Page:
- Giovannelli, Ilaria, et al.
Amyotrophic lateral sclerosis transcriptomics reveals immunological effects of low-dose interleukin-2.
Ingår i: Brain communications. - 2632-1297. ; 3:3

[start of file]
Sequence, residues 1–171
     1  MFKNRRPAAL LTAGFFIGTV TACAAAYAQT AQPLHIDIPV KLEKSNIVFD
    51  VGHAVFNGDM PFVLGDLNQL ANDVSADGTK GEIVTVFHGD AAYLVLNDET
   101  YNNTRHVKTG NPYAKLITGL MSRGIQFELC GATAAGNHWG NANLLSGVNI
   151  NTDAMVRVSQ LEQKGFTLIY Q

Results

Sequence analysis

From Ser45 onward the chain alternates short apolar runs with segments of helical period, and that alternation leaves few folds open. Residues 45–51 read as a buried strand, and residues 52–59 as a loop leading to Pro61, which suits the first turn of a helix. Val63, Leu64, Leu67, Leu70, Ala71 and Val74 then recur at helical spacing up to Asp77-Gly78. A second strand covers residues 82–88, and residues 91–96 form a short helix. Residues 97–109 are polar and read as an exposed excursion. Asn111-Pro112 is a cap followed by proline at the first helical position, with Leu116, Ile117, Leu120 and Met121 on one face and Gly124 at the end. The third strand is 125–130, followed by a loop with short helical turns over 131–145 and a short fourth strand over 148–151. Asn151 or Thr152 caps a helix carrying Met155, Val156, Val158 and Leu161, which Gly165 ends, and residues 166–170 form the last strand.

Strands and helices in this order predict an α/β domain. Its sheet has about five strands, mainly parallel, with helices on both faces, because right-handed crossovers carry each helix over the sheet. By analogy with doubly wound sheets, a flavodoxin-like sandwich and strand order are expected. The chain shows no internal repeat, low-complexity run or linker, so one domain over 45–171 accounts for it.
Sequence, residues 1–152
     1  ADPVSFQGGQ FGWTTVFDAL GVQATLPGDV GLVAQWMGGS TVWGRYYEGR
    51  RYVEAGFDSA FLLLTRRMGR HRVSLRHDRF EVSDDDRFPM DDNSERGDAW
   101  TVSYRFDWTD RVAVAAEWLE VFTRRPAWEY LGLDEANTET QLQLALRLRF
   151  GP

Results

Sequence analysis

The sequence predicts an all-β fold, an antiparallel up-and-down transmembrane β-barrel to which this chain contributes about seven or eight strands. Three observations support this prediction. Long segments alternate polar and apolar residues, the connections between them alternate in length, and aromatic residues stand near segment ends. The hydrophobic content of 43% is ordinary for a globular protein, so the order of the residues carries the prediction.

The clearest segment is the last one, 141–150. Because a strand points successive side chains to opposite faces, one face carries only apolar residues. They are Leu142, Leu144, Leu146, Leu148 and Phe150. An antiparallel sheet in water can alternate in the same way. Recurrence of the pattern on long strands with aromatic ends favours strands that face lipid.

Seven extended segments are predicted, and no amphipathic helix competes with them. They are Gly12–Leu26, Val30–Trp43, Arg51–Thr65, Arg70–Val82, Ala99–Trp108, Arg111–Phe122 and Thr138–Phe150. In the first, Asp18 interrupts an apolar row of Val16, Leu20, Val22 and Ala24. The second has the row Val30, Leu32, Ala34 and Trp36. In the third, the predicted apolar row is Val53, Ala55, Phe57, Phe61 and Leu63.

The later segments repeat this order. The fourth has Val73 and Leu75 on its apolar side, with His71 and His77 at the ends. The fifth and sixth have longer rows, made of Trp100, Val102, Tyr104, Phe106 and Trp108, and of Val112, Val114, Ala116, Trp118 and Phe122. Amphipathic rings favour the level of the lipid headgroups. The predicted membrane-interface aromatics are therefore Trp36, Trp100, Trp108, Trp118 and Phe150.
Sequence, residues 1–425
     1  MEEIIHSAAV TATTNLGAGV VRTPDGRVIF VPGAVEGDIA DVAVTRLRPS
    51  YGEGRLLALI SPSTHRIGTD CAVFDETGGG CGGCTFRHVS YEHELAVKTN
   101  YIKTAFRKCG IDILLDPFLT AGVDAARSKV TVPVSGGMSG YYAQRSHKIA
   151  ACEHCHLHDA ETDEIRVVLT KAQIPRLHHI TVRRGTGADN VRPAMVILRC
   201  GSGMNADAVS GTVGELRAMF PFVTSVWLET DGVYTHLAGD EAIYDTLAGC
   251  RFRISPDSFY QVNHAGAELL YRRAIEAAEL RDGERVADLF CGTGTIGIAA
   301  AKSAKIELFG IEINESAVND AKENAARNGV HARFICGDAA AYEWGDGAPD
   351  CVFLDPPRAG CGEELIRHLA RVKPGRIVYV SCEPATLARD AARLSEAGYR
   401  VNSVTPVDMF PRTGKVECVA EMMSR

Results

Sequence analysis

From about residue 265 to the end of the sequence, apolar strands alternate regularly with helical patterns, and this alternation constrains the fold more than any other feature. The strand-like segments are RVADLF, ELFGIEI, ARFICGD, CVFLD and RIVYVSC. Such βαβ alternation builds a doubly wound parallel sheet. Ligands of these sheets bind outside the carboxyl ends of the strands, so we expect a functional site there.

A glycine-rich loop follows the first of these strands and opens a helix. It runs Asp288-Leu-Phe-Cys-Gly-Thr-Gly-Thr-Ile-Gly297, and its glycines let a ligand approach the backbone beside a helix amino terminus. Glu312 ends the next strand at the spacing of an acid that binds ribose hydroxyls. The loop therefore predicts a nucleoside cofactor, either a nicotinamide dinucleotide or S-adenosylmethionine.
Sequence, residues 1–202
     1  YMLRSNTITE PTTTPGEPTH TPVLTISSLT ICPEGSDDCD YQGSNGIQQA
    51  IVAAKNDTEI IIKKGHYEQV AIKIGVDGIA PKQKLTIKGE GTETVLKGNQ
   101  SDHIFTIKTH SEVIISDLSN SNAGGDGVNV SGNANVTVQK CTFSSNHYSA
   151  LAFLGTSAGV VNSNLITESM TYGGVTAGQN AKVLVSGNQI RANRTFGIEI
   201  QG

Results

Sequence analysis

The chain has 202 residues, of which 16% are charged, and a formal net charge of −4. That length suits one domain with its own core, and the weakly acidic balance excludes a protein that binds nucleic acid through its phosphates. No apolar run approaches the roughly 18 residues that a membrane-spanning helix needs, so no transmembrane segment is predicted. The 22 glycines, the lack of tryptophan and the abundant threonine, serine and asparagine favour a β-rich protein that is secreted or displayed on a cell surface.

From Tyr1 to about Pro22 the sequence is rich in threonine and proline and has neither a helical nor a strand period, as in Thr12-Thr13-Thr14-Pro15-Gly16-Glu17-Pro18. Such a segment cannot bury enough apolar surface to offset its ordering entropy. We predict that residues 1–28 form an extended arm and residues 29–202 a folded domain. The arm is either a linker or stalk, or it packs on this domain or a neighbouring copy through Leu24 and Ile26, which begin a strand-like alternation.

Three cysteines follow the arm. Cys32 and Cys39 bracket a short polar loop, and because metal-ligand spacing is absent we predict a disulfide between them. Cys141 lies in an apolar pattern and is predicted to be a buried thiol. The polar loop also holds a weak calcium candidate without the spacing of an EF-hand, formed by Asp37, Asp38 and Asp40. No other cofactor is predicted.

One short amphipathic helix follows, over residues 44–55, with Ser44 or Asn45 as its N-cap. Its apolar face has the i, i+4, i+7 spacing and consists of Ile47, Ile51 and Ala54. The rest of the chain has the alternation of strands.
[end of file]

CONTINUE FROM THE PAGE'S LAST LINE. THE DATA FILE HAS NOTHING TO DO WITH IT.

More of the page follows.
- Amyotrophic lateral sclerosis is a fatal neurodegenerative disease causing upper and lower motor neuron loss and currently no effective disease-modifying treatment is available. A pathological feature of this disease is neuroinflammation, a mechanism which involves both CNS-resident and peripheral immune system cells. Regulatory T-cells are immune-suppressive agents known to be dramatically and progressively decreased in patients with amyotrophic lateral sclerosis. Low-dose interleukin-2 promotes regulatory T-cell expansion and was proposed as an immune-modulatory strategy for this disease. A randomized placebo-controlled pilot phase-II clinical trial called Immuno-Modulation in Amyotrophic Lateral Sclerosis was carried out to test safety and activity of low-dose interleukin-2 in 36 amyotrophic lateral sclerosis patients (NCT02059759). Participants were randomized to 1MIU, 2MIU-low-dose interleukin-2 or placebo and underwent one injection daily for 5 days every 28 days for three cycles. In this report, we describe the results of microarray gene expression profiling of trial participants' leukocyte population. We identified a dose-dependent increase in regulatory T-cell markers at the end of the treatment period. Longitudinal analysis revealed an alteration and inhibition of inflammatory pathways occurring promptly at the end of the first treatment cycle. These responses are less pronounced following the end of the third treatment cycle, although an activation of immune-regulatory pathways, involving regulatory T-cells and T helper 2 cells, was evident only after the last cycle. This indicates a cumulative effect of repeated low-dose interleukin-2 administration on regulatory T-cells. Our analysis suggested the existence of inter-individual variation amongst trial participants and we therefore classified patients into low, moderate and high-regulatory T-cell-responders. NanoString profiling revealed substantial baseline differences between participant immunological transcript expression profiles with the least responsive patients showing a more inflammatory-prone phenotype at the beginning of the trial. Finally, we identified two genes in which pre-treatment expression levels correlated with the magnitude of drug responsiveness. Therefore, we proposed a two-biomarker based regression model able to predict patient regulatory T-cell-response to low-dose interleukin-2. These findings and the application of this methodology could be particularly relevant for future precision medicine approaches to treat amyotrophic lateral sclerosis.